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After 64 years, real independence

Only independence, freedom, enterprise, fairness and equality of opportunity will achieve sustainable for the country and its people.

Independence Day is traditionally the season for the press to recount Israel's miraculous achievements over its brief history. They praise Jewish genius, recall the country's academic and cultural accomplishments, trace the victories of its high-tech industry and tell the stories of the entrepreneurs and leaders who have dedicated their lives to making the country a better place.
But in recent years the reality has grown ever-distant from the image marketed to the public on Independence Day. The public sector's competitiveness and sophistication has eroded; high-tech operates inside a bubble and can't support the broader economy; small cliques of capitalists, the politically powerful and the media run the country and the business sector; inequality digs its roots ever deeper; and the human capital on which the economy's future relies is deteriorating.

Still, for the first time in many years, Independence Day can be seen as a true economic and social celebration for all its citizens. It marks the end of a year in which a true independence movement finally emerged for Israelis who have never had access to power and influence.

It's a movement that is neither right nor left. It refuses to invest all its hopes in keeping the occupied territories or returning them to the Palestinians. It isn't concerned about strengthening religious observance or weakening it. It doesn't fit the empty stereotypes of socialist or capitalist. It's a movement that promotes fairness, integrity, equality and opportunity for all.

The Israel independence movement has made significant gains in the last several months, most importantly by putting a brake on the relentless expansion of oligarchism and tycoonism while clearing away the political and security smokescreen that benefited a small and privileged elite. But the movement's greatest accomplishment was to raise the consciousness of hundreds of thousands of people who for years blindly accepted the system of a self-serving elite. They finally understand that the existing situation isn't a fait accompli dictated by the difficult reality of a small country in a bad neighborhood.

By rejecting long-held ideas, the Israeli people won their conceptual independence. Here are a few examples of ideas entering the ash heap of history. Israel as an economic miracle. Many sectors of the economy perform poorly, the educational system is in steep decline, and income inequality is among the highest in the developed world. Two or three years ago, most Israelis were in the dark about these numbers. Those who might have known better were benefiting from a system even as it was becoming increasingly dysfunctional.

A growing economy means a better life. In Israel, as in the United States, it is becoming increasingly clear that it's not just how big the pie is getting but how it is divided up and what are the ingredients.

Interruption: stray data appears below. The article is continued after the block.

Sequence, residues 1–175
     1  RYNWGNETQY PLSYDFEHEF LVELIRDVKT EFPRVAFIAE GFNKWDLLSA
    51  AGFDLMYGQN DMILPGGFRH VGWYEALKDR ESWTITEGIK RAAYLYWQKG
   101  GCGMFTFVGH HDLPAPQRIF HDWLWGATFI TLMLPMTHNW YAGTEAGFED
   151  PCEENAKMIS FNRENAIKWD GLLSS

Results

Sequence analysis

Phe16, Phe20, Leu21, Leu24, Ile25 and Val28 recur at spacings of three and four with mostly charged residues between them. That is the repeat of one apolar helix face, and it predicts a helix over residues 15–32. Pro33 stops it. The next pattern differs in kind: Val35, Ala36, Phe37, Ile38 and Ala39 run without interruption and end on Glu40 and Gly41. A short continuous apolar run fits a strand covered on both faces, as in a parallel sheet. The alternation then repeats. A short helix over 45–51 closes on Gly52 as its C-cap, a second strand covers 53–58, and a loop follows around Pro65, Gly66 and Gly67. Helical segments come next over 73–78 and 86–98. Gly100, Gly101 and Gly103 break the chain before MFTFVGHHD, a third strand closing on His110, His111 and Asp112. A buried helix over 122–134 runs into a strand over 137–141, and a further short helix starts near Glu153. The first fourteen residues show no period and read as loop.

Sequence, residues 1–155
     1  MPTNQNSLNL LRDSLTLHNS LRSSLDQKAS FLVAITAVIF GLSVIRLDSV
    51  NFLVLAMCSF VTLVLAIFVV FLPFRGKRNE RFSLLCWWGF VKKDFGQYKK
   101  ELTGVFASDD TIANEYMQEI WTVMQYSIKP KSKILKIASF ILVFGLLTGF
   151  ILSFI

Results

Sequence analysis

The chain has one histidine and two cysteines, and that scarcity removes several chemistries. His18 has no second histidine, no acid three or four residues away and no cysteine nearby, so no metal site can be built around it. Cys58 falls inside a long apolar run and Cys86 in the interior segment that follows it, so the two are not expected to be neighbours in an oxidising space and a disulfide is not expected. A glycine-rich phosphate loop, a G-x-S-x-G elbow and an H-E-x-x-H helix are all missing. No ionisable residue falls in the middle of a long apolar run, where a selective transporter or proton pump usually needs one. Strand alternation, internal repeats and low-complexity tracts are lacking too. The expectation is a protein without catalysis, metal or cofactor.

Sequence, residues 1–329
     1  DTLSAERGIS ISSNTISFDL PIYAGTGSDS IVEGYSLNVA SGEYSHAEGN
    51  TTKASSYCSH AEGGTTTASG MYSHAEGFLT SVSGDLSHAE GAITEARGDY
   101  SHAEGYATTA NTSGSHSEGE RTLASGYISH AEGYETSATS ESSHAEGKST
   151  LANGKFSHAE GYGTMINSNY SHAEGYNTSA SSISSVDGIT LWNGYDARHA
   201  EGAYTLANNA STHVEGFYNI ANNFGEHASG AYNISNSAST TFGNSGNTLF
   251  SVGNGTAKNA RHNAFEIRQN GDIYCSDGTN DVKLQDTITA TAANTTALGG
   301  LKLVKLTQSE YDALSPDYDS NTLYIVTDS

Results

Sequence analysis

It's either capitalism or socialism. The battles over the years between the supporters of these two great economic doctrines helped ensure the continuance of the existing system. Now these hollow doctrines are being replaced by ideas of equality of opportunity; inclusion; enterprise; and other values.

Peace will solve all our problems. Suddenly, Israelis realize that the peace process that has been underway for decades is controlled by a tiny elite that benefits from the existing economic situation. Could it be that our military, political and business leaders need the "process" more than a solution?

The press is free and independent. We know this because journalists routinely criticize politicians and expose their misdeeds. Or do we? Suddenly, hundreds of thousands of Israelis understand that individual politicians are ineffectual and unimportant. Where the press fails is regarding people with real economic and political power.

Inequality is due to Haredim, Arabs, globalization and technology. The economist James K. Galbraith published a book this month, "Inequality and Instability: A Study of the World Economy Just Before the Great Crisis." It takes apart the thesis that attributes growing inequality to globalization and technology. Instead, he argues, it's the expansion of the global financial system, which is structured to enrich the minority at the expense of the rest. Here in Israel, the people are being liberated from the notion that the ultra-Orthodox and insufficient investment in education are creating social gaps. Israelis now understand that we have an economic system that preserves the advantages of a small minority both in the public and private sectors.

The big parties are ideologically different. Most of our political parties want to preserve the economic status quo. Some of them do that by backing private sector monopolies, and even strengthening them, while others want to do the same for public sector monopolies. Not one party has proposed a program of real change for those who don't have an in to the system or can exploit the magic of debt and deficits.

That's the good news for every Israeli, particularly those standing outside the corridors of power. The day will come when even those on the inside will understand that they need to encourage the movement, because only independence, freedom, enterprise, fairness and equality of opportunity will achieve sustainable prosperity for the country and its people.

By Guy Rolnik